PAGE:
captured before night. In vain might Hill plead or Walker swear, when no orders came and no chief could be found to give them. Chafed and disappointed the grand Kentuckian found himself for want of support at last exposed to destruction or capture, and slowly and stubbornly both he and Cleburne fell back and reformed, but much nearer to the enemy than the line from which they advanced. Scarcely had the decimated forces of Hill reformed, when, all too late, Walker went forward with another single line, to be hurled back by the fresh troops that the enemy was rapidly massing on his left to meet the design now developed by our ill-managed movement. Cheatham, meanwhile, was not allowed to budge an inch or fire a gun. Thus was the plan frustrated and the attacking force driven back and cut to pieces in detail for want of a present, active-moving head to strike with the two arms of the right wing at one time. The fierce onslaught of Hill failed, as did the no-less impetuous charge of Walker, because as a chain is no stronger than its most defective link, so, a single advancing line is no stouter than its weakest point. The splendid conduct of our troops on our right and the dread inspired by Breckinridge's bold charge of the morning, bore fruit, however, in a way entirely unexpected, when it led the enemy to mass so much of his force behind Thomas. This was the occupation of the enemy while Hill and Forrest were riding up and down in front of our line and drawing the fire of the enemy upon the young troop who followed at their heels, and when there was a temporary lull in front of Longtreet on the left and left center. At last the thunder of artillery and the roar of musketry again burst upon us from along the whole front of the Virginia Lieutenant, while Hill in vain sent messenger after messenger to beg that three lines be formed and a general advance ordered on the right as well as on the left. Just before night General Polk permitted Hill to take charge of the forward movement of the three lines, Walker in front, his own corps composing the second and Cheatham the third. The advance of our attacking column on the left, before that time steady, now became impetuous, and with a momentary wavering of a brigade on the right, we rushed over the breastworks of Thomas and caught 5,000 prisoners in the angle, where Longstreet and Hill met, as they had on many hard-fought fields before, to discuss the events of that day and prepare, as they had hoped, for a still more eventful one that was to follow. But a short time had elapsed when they were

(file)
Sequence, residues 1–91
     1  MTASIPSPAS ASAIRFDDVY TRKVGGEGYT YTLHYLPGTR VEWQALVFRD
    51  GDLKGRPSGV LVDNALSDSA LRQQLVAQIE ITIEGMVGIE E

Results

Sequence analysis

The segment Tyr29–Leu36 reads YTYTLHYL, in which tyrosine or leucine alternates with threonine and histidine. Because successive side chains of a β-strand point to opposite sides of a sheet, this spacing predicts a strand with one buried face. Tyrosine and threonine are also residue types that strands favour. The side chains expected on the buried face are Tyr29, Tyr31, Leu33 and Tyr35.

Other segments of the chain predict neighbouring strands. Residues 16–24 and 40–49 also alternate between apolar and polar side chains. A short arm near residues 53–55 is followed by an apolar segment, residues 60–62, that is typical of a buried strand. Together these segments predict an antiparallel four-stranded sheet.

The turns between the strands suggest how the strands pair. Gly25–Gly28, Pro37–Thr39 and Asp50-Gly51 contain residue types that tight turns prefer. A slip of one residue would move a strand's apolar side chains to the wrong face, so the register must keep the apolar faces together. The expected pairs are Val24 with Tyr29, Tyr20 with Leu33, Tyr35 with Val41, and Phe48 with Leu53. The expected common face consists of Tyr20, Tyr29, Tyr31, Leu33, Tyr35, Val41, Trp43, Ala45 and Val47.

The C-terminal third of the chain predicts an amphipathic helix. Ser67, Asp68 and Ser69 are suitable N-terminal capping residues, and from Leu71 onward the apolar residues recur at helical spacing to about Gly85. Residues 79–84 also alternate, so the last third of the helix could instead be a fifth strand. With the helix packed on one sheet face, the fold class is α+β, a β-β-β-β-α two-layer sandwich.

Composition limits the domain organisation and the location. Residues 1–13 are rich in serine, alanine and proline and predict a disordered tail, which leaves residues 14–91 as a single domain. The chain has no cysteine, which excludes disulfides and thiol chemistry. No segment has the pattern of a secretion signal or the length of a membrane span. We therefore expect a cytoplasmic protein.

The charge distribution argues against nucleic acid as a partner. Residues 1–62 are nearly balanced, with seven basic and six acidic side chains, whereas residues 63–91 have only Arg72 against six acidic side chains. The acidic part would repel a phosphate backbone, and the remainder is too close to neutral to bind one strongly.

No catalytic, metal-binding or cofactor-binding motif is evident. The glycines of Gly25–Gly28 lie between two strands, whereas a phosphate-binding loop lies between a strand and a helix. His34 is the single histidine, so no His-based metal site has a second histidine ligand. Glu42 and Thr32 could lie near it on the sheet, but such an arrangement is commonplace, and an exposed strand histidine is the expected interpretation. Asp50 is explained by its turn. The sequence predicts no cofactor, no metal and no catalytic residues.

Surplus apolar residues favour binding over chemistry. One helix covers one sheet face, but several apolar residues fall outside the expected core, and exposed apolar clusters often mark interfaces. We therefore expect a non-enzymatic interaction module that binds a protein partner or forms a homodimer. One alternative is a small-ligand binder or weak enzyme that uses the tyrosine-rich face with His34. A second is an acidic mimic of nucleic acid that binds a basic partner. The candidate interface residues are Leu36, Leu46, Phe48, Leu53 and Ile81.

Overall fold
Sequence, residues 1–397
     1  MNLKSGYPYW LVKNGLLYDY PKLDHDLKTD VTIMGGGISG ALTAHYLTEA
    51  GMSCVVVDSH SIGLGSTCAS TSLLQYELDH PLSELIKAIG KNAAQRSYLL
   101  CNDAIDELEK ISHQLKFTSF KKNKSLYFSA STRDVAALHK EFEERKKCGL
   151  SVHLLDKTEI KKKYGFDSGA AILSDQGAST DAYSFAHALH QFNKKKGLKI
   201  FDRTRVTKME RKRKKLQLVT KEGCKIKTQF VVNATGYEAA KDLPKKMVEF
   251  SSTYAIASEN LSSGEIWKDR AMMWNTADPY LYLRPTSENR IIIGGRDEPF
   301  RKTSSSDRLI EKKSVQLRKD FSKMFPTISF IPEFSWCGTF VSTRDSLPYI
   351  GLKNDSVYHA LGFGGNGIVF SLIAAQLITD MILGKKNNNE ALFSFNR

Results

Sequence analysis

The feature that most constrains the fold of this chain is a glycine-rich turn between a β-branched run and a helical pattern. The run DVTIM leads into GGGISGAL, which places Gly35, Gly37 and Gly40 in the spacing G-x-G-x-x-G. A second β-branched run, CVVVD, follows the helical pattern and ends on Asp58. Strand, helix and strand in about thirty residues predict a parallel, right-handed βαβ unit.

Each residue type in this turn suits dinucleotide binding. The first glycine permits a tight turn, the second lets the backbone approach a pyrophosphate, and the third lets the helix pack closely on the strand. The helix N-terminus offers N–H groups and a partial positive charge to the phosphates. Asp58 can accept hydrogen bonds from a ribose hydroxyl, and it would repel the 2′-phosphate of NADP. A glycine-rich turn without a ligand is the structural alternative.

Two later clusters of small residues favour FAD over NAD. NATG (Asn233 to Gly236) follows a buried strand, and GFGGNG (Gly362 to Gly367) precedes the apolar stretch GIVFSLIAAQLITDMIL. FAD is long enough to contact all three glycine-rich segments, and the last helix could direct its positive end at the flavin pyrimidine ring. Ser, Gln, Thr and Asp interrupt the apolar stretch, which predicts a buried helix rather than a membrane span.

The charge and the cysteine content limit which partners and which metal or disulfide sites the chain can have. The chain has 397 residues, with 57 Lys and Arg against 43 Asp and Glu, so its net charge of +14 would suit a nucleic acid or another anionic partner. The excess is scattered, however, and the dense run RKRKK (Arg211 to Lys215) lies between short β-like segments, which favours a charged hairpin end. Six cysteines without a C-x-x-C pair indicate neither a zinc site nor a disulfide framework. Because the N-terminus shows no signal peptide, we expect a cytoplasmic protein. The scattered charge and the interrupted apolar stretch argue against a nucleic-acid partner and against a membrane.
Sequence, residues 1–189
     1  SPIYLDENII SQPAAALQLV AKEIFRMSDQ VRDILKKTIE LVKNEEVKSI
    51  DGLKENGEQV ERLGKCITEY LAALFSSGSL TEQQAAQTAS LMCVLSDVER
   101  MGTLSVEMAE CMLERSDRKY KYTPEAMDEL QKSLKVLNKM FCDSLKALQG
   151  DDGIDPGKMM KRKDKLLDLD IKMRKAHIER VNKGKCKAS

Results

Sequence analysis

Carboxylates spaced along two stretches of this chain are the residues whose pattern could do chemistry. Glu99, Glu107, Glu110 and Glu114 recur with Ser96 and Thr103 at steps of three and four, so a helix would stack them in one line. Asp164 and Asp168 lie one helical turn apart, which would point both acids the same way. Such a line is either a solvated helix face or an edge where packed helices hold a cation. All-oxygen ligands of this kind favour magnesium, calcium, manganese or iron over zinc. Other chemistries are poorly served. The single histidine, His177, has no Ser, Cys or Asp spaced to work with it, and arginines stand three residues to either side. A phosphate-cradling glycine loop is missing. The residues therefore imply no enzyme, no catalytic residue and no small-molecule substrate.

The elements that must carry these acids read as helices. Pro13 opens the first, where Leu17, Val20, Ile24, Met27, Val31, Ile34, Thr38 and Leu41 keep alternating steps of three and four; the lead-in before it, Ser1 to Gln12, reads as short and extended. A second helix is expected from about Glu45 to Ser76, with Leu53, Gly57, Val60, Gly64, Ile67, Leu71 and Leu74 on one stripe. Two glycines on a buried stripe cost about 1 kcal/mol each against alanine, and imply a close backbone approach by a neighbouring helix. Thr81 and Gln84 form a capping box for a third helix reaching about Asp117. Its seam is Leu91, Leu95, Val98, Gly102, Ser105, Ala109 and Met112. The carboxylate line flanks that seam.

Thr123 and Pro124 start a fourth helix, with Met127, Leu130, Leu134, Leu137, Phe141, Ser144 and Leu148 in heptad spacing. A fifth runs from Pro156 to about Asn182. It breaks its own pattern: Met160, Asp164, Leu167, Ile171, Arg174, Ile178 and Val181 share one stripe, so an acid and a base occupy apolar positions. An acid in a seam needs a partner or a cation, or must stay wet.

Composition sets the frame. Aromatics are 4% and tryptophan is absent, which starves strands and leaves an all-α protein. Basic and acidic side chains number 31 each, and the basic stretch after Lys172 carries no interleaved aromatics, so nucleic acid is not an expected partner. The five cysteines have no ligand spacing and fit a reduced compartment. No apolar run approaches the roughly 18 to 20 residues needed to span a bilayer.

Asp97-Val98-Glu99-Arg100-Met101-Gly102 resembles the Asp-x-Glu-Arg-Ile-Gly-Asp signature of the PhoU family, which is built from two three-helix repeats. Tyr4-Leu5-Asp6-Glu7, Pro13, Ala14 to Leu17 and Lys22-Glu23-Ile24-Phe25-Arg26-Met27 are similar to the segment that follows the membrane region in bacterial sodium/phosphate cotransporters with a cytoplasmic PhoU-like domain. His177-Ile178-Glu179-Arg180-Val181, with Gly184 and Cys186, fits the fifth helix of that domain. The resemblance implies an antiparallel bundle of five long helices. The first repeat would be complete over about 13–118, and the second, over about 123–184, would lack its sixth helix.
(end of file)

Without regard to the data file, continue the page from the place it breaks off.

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Table of Contents:
Monument to the Confederate dead at the University of Virginia .
Address by Major Robert Stiles , at the Dedication , June 7 , 1893 .
The muster roll [from the Staunton, Va. , Vindicator, March 3 , 1893 .]
Last days of the army of Northern Virginia .
The first Virginia infantry in the Peninsula campaign.
On the life and character of Lieut.-General D. H. Hill ,
William Lowndes Yancey , [from the Moutgomery , Ala., daily Advertiser, April 15 , 1893 .]
The battle of Frazier's Farm , [from the New Orleans, La. , Picayune , February 19 , 1893 .]
The bloody angle.
General Lee to the rear.
General R. F. Hoke 's last address [from the Richmond, Va. , times, April 9 , 1893 .]
The gold and silver in the Confederate States Treasury.
General Joseph E. Johnston 's campaign in Georgia .
The execution of Dr. David Minton Wright
Stonewall 's widow. [ Mrs. Jefferson Davis in the Ladies ' Home journal , Sept. 3 , 1893 .]
Appomattox Courthouse .
Incidents of the surrender of General Lee , as given by Colonel Charles Marshall ,
A monument to Major James W. Thomson , Confederate States Artillery .
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